Google's Search Engine Starter Guide

23 Nov Google's Search Engine Starter Guide

Google recently launched its search engine starter guide within the past couple of weeks, and after reading it (and re-reading it), I was reminded of my earlier post on why some companies have difficulty getting ranked in search engines (see “Why Can’t I Get Ranked In Search Engines??“).  Reiterating and reconfirming what my colleague John Ellis had to say about his review, I was glad that they were able to provide a standard guide for basic SEO work.  Even if it’s just basic, it provides a refresher course for those that are in deep in the world of SEM, but at the same time makes for a great foundation for newbies.

For those new to the SEO/SEM world, PLEASE (I implore you!!!) to read this and apply it to your end of the industry.

2 things that I read that made me ponder a moment or two on how people do SEO: 1) how they come up with their search phrases and keywords, and 2) how they come up with the naming URL infrastructure of their site.  It really amazes me to see how many people want to rank at the top of search engines and use plain, non-targeted words or phrases that lack search weight and search frequency.  If you, for argument’s sake, run a restaurant and want your restaurant to rank on the first page of Google, you don’t want to just use the word “restaurant” to get search engine exposure.  That’s like using “person” as the search word for trying to look your name up on Google.  Try that sometime and see how the results fare on searching your name.

Next is dealing with the URL naming convention.  It’s usually developers that do not know anything about SEO/SEM, but I won’t hold it against them.  At my work, naming conventions are out of whack when it comes to optimization, because naming conventions weren’t a part of the whole online marketing infrastructure.  There needs to be a cohesive balance, foundation, and best practices in all aspects of site development, but it is not necessarily common for marketers to have all of those in tact.  Say, for another argument’s sake, you have a travel agency site and you want to build traffic for a special microsite or page on visiting Ireland.  The person who is developing your site ends up with the index page title of visitIRL.php, and each corresponding subpage on that particular visiting Ireland site is visitIRLpage1.php, visitIRLpage2.php, etc.  Will your subpage rank high on Google when a user is searching for the cost of visiting Ireland on your page and your page name is visitIRLpage[insert page number here].php?  Or do you think they will see your page higher on Google with the URL name of visiting-ireland-cost.php (or some other variation of that)?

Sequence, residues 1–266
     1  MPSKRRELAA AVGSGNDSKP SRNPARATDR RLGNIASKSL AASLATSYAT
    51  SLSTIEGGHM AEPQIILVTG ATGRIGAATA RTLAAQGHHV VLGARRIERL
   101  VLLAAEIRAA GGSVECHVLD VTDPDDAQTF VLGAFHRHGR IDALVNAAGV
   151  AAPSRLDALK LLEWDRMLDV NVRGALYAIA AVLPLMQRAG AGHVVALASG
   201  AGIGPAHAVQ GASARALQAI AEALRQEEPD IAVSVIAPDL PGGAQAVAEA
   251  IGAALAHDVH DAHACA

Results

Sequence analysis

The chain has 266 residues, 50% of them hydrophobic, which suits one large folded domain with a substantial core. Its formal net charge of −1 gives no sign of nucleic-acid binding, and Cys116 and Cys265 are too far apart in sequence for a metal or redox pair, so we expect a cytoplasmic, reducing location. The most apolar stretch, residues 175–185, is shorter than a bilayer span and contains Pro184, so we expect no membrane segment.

I’m sure it may be easy for some, but for those who are still confused, do not fret.  My next blog is about creating a step-by-step tutorial on how to find quality keywords and phrases to generate more quality traffic for your site.

Stay tuned!



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